once mine, unasked for but given anyway, are pinpricks
of pain, nerves awakening after pinched off so long, messages
to tell my body to really feel. I stuff more into my mouth, craving
sensations of the forgotten, much too much, but oh
how my true name echoes and changes everything.

Bubbles II

Plucked from our icy home deep within 
the salty brine of life’s starting place, we 
slumber in grains of sand tinier than eyes can 
perceive. Minute flecks of light, rays of sun
mixed with moonlight, we live far below 
scuttling claws and slippery flippers. You called us 
forth in an instant, brought by proximity
to the shadow of The Shadow’s mark upon
your soft imperfect body. We saw you weeping 
into our waters and felt compelled to stir 
and rise. We exist, persist, to seek balance 
between all things. Shifting, we move matter within 
moments with forces older than time, faster than 
light and sound. You can’t see until we let you 
the realness of your truth. The faces and moments 
feasted upon and stolen from you within the sacred 
silence it lurks behind. Teasing, we form 
into physical shapes, tempting you to taste of your 
life, plopped into waiting warm mouths, sliding
into the depths of bone and muscle, wiggling
and writhing—alive. We unleash captured memories
to dance on the surface of your consciousness, tangos 
of truth you knew but which it hid within the folds of time.

*Read The Red-Haired Beauty

After School | A Triolet

she’s waiting for me when the bell rings
faded yellow sweater smelling of home
unknown to me except in dreams, no wings
she’s waiting for me when the bell rings
my name upon her lips she does sing
with bluest eyes framed by glasses of chrome
she’s waiting for me when the bell rings
faded yellow sweater smelling of home

Mother’s Love | A Nonet

my mother knows every inch of me
her child from any time or place
we fold into each other
her arms a warm blanket
of protection from
the bad dreams of
my mother heals every inch of me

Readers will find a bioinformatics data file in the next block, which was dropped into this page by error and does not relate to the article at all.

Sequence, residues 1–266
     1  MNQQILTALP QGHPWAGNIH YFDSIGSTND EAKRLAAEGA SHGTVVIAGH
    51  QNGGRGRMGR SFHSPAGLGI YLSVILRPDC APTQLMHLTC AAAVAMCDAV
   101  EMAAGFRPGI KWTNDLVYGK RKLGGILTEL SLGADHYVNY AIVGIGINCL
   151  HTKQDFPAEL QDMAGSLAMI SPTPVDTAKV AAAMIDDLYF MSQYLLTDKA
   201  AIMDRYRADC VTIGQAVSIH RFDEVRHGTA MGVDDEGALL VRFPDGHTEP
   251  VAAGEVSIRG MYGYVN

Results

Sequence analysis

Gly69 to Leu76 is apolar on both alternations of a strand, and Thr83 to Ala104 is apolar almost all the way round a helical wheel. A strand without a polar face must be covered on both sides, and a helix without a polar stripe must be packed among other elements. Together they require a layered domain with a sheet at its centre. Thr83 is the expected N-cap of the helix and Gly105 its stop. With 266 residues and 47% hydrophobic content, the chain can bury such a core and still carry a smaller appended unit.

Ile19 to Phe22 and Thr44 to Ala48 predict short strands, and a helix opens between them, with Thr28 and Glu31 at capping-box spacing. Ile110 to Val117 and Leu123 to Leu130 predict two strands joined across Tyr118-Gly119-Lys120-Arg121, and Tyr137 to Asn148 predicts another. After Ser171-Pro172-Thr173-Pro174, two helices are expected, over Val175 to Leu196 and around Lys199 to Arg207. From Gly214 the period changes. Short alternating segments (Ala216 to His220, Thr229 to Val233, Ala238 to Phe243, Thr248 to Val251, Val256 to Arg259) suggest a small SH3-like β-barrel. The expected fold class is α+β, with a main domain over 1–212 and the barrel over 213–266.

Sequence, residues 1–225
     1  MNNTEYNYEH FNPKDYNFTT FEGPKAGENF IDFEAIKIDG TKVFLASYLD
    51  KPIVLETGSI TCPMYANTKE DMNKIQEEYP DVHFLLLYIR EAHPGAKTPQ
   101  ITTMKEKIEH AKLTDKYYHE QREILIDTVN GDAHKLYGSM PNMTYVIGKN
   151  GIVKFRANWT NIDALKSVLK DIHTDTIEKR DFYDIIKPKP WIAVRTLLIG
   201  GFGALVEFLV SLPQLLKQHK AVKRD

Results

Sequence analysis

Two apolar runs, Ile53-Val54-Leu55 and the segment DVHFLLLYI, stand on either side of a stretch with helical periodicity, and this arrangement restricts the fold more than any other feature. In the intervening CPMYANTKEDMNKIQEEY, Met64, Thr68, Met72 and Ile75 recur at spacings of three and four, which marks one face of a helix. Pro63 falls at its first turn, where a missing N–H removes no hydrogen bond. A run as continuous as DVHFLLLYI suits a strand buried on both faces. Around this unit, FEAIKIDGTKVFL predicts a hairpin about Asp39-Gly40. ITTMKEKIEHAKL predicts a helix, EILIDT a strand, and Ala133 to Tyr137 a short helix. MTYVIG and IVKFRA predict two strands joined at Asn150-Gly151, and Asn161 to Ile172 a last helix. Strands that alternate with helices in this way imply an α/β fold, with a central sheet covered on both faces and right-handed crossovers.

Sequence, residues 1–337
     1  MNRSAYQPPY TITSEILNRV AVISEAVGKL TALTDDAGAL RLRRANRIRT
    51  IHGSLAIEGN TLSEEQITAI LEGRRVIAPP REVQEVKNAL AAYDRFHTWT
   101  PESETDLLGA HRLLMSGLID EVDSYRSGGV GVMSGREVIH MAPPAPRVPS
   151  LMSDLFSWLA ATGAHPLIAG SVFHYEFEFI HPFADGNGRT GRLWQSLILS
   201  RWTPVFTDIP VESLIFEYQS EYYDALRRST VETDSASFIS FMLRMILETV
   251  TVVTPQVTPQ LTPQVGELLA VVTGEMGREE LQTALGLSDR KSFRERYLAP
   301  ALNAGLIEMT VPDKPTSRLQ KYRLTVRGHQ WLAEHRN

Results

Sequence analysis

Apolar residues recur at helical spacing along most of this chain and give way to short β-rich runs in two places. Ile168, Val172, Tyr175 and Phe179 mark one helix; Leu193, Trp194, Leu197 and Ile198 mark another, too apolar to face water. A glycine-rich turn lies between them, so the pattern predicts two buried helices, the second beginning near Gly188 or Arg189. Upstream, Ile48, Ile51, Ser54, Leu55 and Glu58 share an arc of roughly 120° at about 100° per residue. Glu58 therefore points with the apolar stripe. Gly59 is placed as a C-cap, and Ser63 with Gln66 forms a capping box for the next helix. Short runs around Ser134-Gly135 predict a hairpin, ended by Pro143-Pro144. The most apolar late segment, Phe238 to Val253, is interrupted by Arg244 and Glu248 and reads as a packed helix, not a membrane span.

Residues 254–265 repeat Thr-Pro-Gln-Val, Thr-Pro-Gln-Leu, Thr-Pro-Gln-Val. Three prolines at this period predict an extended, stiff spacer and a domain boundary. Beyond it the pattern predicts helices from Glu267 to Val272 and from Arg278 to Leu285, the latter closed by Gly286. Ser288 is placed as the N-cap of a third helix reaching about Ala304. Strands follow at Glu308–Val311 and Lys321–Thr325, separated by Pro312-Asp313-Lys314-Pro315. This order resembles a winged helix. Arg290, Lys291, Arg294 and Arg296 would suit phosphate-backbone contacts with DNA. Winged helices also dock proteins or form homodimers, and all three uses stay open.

*Read Playing Games

More Poems

80 thoughts on “Poetry: Am I Still Doing This?

  1. I especially enjoyed the poem with Mother talking to the narrator. While reading, I was reminded of Synge and “Riders to the Sea,” though I’m not exactly sure why. Maybe it is the association of water with loss. Your work is sonorous, for sure.

    Liked by 4 people

  2. Oh gosh. So beautiful, I love these. ‘We fold into each other’s arms.’ There is something so safe about this lovely description. ☀️

    Liked by 2 people

  3. Brilliant poems from a master poet. Beautifully crafted.

    Master my poems are boring and lame teach me how to improve. Street knowledge isn’t enough. Guide me through your process.

    Liked by 2 people

  4. Hi Bridgette,
    I found To Be Them very powerful.
    The theme of being different is constantly struggling inside me, and you highlight the feelings accurately and beautifully.
    Thank you for following Sound Bite Fiction.

    Liked by 2 people

  5. Oh Bridgette, you have presented your poetry with some great themes that invite you into them so sincerely. What an amazing presentation about why you are still writing poetry. Bravo my friend. 🙏🏼👏🏼🥳🙏🏼👏🏼

    Liked by 1 person

  6. I’ve read The Ocean at the End of the Lane twice. What an amazing book. And now I’ve read Bridgette’s wonderful poetry. Your imagery is remarkable. I can’t imagine your needing classes.

    Liked by 1 person